By Peter J. Smith
NASHVILLE, Tennessee, April 1, 2010 (LifeSiteNews.com) – Overwhelming majorities in both houses of the Tennessee General Assembly have passed a law requiring abortionists to post signs in their clinics informing women that it is against the law for anyone to coerce them into having an abortion. The law also applies stiff penalties to abortion facilities that fail to post the signs.
The newly-passed Freedom from Coercion Act, SB 3812, requires abortion facilities to post a sign in large 40 pt. Arial font in their waiting room with the words: "Notice: It is against the law for anyone, regardless of the person's relationship to you, to coerce you to have an abortion. By law, we cannot perform an abortion on you unless we have your freely given and voluntary consent. It is against the law to perform an abortion on you against your will. You have the right to contact any local or state law enforcement agency to receive protection from any actual or threatened criminal offense to coerce an abortion."
The Senate approved SB 3812 on Wednesday on a vote of 28 in favor, 2 against. The House also adopted the Senate bill on a vote of 87 in favor, and 8 against, but added an amendment regarding the juvenile code which will have to be reconciled with the Senate.
Abortion facilities that fail to post the signs in a prominent place “in each patient waiting room and patient consultation room” would face a $2,500 per day fine and abortionists would also be subject to a $1,000 per day fine for each day abortions are conducted without the signs.
The fines would not apply in cases where the abortion was undertaken for the purpose of saving the life of a pregnant woman.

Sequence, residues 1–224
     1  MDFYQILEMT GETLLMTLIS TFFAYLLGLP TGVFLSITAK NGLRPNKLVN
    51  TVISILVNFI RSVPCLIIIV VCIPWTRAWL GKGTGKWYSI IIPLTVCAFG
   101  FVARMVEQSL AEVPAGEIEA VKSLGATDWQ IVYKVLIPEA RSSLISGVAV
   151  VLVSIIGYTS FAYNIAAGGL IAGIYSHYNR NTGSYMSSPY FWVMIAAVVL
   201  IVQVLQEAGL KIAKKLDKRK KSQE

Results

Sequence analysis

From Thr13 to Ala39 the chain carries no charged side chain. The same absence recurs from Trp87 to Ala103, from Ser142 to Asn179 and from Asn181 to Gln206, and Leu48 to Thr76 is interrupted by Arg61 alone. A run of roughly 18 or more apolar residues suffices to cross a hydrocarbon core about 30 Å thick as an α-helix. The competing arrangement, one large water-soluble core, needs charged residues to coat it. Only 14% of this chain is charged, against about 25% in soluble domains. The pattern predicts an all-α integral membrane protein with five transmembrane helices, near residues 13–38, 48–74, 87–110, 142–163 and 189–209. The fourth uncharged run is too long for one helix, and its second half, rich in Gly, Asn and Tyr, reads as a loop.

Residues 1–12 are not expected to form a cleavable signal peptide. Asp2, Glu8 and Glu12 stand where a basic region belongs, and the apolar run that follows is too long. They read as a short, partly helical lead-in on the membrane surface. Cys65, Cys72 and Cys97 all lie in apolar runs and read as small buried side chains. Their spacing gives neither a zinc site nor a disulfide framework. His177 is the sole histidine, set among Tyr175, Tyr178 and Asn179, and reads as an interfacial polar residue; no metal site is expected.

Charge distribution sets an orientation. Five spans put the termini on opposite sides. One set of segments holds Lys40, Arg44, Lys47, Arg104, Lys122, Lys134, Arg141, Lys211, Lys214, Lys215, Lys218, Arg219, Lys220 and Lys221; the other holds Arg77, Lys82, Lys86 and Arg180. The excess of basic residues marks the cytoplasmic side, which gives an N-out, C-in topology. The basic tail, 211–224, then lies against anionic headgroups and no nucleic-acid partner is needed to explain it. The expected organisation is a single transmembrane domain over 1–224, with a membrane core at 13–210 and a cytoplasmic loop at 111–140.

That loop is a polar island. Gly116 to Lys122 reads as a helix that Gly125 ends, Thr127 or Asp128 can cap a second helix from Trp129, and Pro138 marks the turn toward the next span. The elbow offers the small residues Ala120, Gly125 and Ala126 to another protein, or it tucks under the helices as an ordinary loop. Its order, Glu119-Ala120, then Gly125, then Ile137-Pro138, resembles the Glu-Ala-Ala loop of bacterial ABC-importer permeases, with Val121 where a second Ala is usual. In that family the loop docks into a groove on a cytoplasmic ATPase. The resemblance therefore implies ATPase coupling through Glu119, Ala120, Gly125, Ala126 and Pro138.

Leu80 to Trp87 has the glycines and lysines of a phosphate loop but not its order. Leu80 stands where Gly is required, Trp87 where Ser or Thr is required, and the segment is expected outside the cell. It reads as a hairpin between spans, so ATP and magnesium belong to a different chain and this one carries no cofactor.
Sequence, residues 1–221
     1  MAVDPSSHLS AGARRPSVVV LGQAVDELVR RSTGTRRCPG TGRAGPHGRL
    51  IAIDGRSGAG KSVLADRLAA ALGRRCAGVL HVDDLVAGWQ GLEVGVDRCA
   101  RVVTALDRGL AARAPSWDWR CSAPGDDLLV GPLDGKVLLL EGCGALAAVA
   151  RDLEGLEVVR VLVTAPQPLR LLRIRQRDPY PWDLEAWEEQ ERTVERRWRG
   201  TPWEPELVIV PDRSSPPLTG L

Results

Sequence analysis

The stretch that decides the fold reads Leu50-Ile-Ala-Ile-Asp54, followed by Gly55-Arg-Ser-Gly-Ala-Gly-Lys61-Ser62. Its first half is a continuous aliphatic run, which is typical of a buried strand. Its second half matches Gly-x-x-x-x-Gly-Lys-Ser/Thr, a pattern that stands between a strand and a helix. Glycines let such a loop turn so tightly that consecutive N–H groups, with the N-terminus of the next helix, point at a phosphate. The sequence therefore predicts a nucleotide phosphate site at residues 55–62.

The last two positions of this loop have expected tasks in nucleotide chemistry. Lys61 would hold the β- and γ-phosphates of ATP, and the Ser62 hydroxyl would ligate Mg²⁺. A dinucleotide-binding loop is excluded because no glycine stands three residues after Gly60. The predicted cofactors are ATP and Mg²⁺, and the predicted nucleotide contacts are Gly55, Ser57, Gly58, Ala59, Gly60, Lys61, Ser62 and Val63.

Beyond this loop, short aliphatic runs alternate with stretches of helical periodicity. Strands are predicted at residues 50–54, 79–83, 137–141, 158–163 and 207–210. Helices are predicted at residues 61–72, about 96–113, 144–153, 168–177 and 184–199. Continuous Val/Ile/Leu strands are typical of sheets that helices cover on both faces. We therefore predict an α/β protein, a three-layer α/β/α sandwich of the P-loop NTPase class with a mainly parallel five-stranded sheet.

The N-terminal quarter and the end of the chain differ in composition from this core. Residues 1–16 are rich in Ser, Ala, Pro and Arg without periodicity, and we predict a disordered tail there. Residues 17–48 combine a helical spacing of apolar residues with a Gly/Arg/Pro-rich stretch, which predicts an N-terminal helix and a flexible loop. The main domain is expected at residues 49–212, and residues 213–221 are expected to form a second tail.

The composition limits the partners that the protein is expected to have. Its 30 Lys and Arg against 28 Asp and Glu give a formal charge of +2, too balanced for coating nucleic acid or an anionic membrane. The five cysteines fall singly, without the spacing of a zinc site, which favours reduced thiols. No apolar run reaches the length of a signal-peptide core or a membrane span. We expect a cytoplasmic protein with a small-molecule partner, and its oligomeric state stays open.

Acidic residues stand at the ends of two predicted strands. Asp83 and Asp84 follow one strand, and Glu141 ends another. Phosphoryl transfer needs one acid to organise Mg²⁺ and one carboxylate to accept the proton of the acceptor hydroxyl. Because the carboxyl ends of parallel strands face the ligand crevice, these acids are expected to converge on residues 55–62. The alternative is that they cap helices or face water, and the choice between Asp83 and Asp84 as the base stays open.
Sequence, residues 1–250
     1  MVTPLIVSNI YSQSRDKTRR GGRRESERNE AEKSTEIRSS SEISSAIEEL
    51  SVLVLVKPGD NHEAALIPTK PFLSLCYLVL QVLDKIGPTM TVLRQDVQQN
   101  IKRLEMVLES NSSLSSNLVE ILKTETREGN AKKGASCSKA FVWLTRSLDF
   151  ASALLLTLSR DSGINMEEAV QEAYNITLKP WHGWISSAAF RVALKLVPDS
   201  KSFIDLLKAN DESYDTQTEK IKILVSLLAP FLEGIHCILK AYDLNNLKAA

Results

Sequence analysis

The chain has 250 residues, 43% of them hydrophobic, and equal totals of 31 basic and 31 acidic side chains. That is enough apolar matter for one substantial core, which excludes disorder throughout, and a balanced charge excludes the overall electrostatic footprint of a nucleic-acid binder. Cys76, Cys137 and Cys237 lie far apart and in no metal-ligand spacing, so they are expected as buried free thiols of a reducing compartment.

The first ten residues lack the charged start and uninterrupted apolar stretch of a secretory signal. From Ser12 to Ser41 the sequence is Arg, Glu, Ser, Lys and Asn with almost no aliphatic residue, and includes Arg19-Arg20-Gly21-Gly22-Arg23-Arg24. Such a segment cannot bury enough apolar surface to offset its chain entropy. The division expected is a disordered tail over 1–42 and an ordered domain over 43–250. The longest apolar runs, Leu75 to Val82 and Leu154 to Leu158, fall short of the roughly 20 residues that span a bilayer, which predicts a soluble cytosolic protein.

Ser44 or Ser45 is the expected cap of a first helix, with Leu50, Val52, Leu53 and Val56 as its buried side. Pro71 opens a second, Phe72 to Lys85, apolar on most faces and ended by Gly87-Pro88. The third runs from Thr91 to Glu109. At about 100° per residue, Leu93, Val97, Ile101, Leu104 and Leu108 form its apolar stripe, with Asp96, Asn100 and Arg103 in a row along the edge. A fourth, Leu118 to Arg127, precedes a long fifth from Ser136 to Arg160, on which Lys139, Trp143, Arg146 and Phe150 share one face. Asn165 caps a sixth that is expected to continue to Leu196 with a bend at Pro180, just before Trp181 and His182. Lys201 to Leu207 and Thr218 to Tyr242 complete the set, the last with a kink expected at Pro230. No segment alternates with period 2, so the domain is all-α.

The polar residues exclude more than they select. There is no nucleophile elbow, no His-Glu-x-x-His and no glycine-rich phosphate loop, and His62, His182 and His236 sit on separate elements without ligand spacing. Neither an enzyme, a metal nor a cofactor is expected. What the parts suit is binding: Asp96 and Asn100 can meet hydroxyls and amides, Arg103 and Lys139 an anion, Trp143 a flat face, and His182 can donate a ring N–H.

A minor also would have to certify in writing, prior to the abortion, that a licensed health care professional informed her that she must have “freely given, voluntary and informed consent” to the procedure.
The law also provides that any woman, or anyone on behalf of a minor, may take legal action for injuries resulting from failure to post the sign, and may recover damages for “emotional distress and other damages allowed by law.”
According to the Tennessee Report, Rep. Sherry Jones (D-Nashville) had tried to get the House committee working on the bill to include a provision that it was also illegal for anyone to use coercive methods on a minor to have her give birth, but without success.
Sen. Jack Johnson (R-Franklin) told colleagues on the Senate floor that the bill was necessary, since many women may be unaware that it is illegal under Tennessee law for anyone, including family members, to pressure them into having an abortion.
Johnson referenced a survey from the Medical Science Monitor, which he told the Senate “reported that up to 64 percent of women who received abortions were in some way influenced or coerced into having that abortion.”
The 2004 study was co-authored by David Reardon, director of the Elliot Institute, which surveyed American and Russian women and found that in 64 percent of cases, women reported feeling coerced in some way to abort their unborn children. The study also found that 65 percent of post-abortive women had experienced some form of trauma from the abortion, with 67 percent saying that they did not receive counseling before the abortion.
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